As compared to the United States, of course, the first thing is that everything there is bigger, and there is more of everything. I wouldn’t say that the U.S. startup environment is better developed, but the startup culture is older – people are bolder, not afraid to start something new, and they are more active. In this part of the world, the Baltic mentality prevails: everything happens more slowly, startups keep a low profile and aren't as ambitious. In the United States, startups try to sell their products before they launch, while our people are more concerned about the technical side, especially those startups that come from Ukraine or Belarus – they will continue to work until their product is perfect. It's also harder for a startup to enter the market here. The United States is a large country, a large market, everybody speaks the same language, there is cohesive culture, and therefore things are easier for both B2B and B2C startups. In Latvia, B2C startups have major difficulties, which is why we mostly focus on B2B startups, and still, we have to take into consideration different languages, different cultures and attitudes. But to sum it up, everything is smaller here, while in the United States everything is bigger.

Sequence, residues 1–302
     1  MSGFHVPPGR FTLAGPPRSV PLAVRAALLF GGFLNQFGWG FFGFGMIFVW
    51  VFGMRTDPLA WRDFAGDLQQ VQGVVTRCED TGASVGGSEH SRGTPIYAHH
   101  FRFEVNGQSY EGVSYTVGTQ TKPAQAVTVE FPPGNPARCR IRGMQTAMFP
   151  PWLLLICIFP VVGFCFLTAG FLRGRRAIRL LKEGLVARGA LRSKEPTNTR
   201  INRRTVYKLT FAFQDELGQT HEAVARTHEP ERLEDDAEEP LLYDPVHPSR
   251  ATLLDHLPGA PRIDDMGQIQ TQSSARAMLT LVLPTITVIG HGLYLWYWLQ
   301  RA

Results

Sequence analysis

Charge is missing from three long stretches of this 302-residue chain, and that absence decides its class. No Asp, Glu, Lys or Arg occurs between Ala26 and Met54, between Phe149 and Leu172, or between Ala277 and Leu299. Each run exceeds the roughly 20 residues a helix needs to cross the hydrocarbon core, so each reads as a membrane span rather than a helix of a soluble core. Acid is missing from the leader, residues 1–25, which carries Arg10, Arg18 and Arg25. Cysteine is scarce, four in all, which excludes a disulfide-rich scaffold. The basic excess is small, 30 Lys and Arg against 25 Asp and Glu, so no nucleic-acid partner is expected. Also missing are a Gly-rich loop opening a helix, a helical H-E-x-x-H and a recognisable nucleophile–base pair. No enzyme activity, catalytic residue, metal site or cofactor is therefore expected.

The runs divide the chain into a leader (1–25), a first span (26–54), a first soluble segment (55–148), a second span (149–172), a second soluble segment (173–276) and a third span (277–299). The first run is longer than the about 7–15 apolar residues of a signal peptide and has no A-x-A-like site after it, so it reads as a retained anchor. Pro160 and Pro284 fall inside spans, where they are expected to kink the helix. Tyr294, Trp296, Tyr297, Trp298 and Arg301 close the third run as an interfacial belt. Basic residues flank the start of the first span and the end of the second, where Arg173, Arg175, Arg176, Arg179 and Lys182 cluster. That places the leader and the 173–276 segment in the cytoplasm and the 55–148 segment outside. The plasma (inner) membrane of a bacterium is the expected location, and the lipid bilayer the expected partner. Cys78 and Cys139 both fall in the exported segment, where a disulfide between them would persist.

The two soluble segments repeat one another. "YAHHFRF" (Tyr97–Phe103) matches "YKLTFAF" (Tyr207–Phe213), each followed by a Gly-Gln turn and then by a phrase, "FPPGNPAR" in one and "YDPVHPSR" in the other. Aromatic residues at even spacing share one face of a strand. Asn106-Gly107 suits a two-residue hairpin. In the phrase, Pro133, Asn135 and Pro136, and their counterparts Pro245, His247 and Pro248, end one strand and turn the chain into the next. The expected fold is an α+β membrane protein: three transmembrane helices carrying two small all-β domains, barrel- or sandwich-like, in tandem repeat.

In your unbiased opinion, how do Startup Wise Guys rank among European accelerators? Is it something very prestigious, or not know very well?

Objectively speaking, and based on what I’ve seen on my travels – by focusing on the B2B sector we have become the largest such accelerator, and the only of its kind, in Central and Eastern Europe. We have organized eight programs, now we’re working on the ninth one, and we have accelerated a total of seventy startups, of which 75% are still in business. There are also other accelerators, for instance, Techstars in Berlin and London, and the StartupYard accelerator, but in the B2B sector – judging from what I’ve seen and heard - Startup Wise Guys is one of the leading accelerators. And that’s what we’ve been working on, to become the leaders in the B2B sector.

Is there anything you would like the readers to keep in mind?

I would like them to realize the importance of initiative. I remember how I felt: wait, how will I, a Latvian, go work and teach in Estonia? Latvians have to take more initiative and stop comparing themselves to others, including Estonians and Lithuanians. And it would be even better if we could unite – currently the communities are small, but we could develop pan-Baltic startup environment.